“Awhile” vs. “A While”: What’s the Diff?

Syllabus Montreal TranslationAwhile and a while sound exactly the same—they even look almost the same. So how do you know which one to use?

Here’s how it works:

The one-word version is an adverb (in other words, it modifies a verb) and means “a short time.”

 

 

  • We ate dinner and talked awhile.
  • Stop and rest awhile.

Still unclear? Try this trick: Awhile appears beside a verb and can be replaced by “for a while.”

The two-word version is an article with a noun that means “a period of time.”

  • I’ll be away for a while.
  • I only eat chocolate once in a while.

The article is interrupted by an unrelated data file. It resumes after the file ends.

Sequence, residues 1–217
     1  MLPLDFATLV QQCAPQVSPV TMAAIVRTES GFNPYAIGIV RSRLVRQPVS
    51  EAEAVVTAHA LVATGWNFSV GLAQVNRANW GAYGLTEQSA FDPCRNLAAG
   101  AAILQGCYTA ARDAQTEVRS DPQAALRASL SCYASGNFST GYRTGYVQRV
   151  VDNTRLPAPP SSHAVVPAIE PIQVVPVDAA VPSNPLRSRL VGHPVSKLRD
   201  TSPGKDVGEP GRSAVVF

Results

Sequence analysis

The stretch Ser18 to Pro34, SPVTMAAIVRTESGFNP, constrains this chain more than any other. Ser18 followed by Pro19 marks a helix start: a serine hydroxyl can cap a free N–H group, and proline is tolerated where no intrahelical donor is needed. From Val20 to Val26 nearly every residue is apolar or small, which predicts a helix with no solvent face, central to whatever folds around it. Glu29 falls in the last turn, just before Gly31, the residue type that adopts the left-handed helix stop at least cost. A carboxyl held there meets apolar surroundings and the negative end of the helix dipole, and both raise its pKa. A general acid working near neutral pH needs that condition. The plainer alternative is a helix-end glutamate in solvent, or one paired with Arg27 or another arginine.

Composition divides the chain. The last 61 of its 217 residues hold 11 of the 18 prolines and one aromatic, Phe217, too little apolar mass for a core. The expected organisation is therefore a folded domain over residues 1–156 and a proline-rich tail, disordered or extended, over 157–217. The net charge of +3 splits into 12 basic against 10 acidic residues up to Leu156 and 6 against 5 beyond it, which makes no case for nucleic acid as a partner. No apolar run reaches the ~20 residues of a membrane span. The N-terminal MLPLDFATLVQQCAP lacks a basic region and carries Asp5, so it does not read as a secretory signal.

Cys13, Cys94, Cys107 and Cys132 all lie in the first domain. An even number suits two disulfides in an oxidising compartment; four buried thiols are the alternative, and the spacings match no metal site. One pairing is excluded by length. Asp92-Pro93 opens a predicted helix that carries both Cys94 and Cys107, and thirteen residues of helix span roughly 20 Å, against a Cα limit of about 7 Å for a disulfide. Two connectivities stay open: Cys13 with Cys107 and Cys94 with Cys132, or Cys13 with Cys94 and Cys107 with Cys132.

• Watching TV gets boring after a while.
  • I saw my friend a while ago.

Hint: A while follows a preposition (for, in, after) or comes before the word ago.

Given that there’s no audible difference, you don’t have to worry when you’re speaking. But as soon as you put pen to paper (or fingers to keyboard), it’s important to make the distinction.

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